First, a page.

Sunday, September 30, 2012

The Feast of Booths—Sukkot

When I met my wife, my education in the Old Testament was sorely lacking. Sarah and I have sometimes mused over why our Lord would bring two people of such diverse backgrounds together—she being Jewish and me a Gentile. Not to wonder so much any more, however. One reason for certain is that Adonai has used this woman’s love and knowledge of the Old Covenant to fill in so much of what I did not give enough attention to in the past. And the joy of that impartation never stops as I am introduced to more and more...

This week, as the sun set on Saturday, September 29, and for eight days following, the Feast of Tabernacles is to be celebrated. This is an event that is recognized and honored around the world by most Jewish people. Whereas this once had no significance for me as a Gentile, it now does. And here in part is why.

For the past few days Sarah has been talking about having a booth in our back yard. It would be a three-sided, structure with a roof through which the stars could be seen. We would eat our meals in it and perhaps even sleep there a night or two. Sounds like a great “camp out,” but what heavenly significance could that have for me? So, with a little direction from this family’s Jewish sector it was time to do some spiritual investigation.

I started in Leviticus 23. There, as Moses is continuing to receive the Law, Adonai delineates seven holy convocations that the Jewish nation is to celebrate. They are called the “LORD’s appointed times” with His people. They were instituted in the wilderness and carried on through Jewish history to this day. Each of these celebrations was intended to be a special time of meeting with God. 

“Speak to the sons of Israel and say to them, 
‘The LORD’s appointed times 
which you shall proclaim 
as holy convocations—My appointed times are these...”

  • Passover (Pesach)  Commemorates the Israelites deliverance from slavery in Egypt through the blood of the Passover lamb. Yeshua came as the Passover Lamb who took away the sins of the world. (vs.4-5)
  • Unleavened Bread (HaMatzot)  Commemorates how the Israelites were brought out of   Egypt in a hurry. (vs.6-8)
  • First Fruits  Commemorates the dedication of the harvest to the Lord. (vs.9-14)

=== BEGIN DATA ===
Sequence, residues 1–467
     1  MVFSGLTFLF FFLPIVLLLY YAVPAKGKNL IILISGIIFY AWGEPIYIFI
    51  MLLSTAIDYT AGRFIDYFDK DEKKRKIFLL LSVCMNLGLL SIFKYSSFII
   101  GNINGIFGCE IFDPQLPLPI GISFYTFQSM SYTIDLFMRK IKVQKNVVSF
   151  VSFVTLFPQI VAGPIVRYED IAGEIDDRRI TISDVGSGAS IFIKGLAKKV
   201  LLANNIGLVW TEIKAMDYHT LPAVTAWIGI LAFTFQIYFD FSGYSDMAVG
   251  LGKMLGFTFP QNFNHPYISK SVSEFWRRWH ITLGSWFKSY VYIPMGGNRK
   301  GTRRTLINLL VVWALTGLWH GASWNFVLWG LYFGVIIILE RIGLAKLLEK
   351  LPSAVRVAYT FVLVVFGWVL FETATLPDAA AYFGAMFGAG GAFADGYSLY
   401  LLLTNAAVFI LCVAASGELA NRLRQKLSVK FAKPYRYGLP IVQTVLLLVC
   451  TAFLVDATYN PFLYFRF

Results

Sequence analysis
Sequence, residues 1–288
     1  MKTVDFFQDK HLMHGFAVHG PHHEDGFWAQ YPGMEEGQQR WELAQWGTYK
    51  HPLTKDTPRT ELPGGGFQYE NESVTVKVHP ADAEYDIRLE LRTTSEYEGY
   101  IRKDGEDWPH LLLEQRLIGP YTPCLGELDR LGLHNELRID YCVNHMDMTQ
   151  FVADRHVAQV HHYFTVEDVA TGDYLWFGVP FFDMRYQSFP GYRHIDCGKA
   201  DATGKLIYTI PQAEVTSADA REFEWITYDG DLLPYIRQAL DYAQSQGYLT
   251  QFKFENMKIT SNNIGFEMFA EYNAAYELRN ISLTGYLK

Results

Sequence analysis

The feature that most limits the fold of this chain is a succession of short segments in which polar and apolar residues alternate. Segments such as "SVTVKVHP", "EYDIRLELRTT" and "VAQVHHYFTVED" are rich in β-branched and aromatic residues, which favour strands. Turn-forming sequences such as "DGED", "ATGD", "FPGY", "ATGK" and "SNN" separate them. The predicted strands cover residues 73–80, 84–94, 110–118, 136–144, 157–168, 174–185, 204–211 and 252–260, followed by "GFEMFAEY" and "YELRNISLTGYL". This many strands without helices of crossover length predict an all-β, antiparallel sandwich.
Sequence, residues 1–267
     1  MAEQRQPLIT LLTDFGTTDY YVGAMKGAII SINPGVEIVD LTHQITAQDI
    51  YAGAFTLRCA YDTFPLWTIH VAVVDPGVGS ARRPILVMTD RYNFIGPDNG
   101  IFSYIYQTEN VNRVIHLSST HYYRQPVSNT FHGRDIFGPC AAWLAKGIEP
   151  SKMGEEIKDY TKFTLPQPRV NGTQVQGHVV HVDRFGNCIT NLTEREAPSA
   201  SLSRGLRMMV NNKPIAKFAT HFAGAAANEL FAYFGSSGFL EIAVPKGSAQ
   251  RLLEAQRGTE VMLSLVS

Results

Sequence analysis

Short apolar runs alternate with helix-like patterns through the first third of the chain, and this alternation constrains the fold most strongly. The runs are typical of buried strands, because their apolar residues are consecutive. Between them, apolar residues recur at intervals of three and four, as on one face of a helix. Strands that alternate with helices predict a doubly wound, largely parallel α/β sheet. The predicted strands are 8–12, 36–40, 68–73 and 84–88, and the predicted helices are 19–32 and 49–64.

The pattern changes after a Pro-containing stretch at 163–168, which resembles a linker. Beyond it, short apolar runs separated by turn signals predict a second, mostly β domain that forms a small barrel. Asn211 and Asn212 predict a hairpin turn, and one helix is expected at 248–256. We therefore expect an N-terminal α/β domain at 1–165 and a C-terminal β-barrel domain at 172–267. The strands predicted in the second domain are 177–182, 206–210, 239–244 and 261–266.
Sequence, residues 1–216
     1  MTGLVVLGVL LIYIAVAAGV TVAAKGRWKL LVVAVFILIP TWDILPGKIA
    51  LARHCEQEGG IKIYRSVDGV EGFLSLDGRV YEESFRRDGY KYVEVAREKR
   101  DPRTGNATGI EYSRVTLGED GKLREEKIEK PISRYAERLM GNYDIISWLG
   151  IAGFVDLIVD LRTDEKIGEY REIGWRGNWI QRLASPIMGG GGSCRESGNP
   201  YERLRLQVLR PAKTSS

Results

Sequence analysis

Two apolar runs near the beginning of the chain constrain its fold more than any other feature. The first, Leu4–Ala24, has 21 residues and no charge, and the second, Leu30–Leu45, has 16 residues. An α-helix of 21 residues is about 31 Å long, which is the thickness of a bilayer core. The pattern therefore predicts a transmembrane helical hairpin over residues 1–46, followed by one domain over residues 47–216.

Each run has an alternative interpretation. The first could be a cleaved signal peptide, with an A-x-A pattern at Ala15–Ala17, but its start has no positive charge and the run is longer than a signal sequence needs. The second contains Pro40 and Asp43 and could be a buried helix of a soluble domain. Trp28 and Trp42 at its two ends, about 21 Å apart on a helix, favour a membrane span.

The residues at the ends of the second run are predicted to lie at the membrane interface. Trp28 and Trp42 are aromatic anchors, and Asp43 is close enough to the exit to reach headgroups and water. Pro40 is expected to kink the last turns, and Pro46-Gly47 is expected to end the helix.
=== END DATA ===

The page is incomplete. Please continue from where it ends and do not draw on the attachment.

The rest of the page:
• Pentecost (Shavuot)  Commemorates the receiving of the Torah (the birth of the People Israel), and the receiving of the Holy Spirit, the birth of the Church. (vs.15-22)
  • Feast of Trumpets (Rosh Hashanah, Yom HaTeruah)  Signaled the beginning of the civil New Year. It prophetically looks toward the two resurrections of the righteous dead, and the final return of Yeshua to the sound of the Trumpet. (vs.23-25, 1 Cor. 15:52, 1 Thess. 4:16, Matt. 24:31)
  • Day of Atonement (Yom Kippur)  Atonement was made for all the sins of the entire congregation of Israel. (vs.26-32)
  • Feast of Booths or Tabernacles (Sukkot)  This is a time to remember God’s care of His people during their forty years of wandering in the wilderness. This Feast has been seen as Messianic by the Jewish People. Psalm 118:25-26 is among the holiday liturgies: "Save us, we pray, O LORD!" ("Hosanna!") would be proclaimed as water was poured from golden pitchers on the Temple steps by the priests. Yeshua came offering the gift of living water, and on the last day of this great Sukkot celebration, He cried out, "If anyone is thirsty, let him come to Me and drink. He who believes in Me, as the Scripture said, 'From his innermost being will flow rivers of living water.'" (vs.33-43, John 4:10, 7:37-38)

The Feast of Booths or Tabernacles is an eight day celebration, initially established to remember the Lord’s provision in the Fall harvest (v.39) and His deliverance of Jacob’s people from Egyptian bondage (v.43). Added by those same people into this concept of God’s care was His provision for the people during their forty years of wandering, something not initially intended. This feast is so important in Adonai’s thinking that it will be re-instituted in the Millennium. (Zechariah 14:16)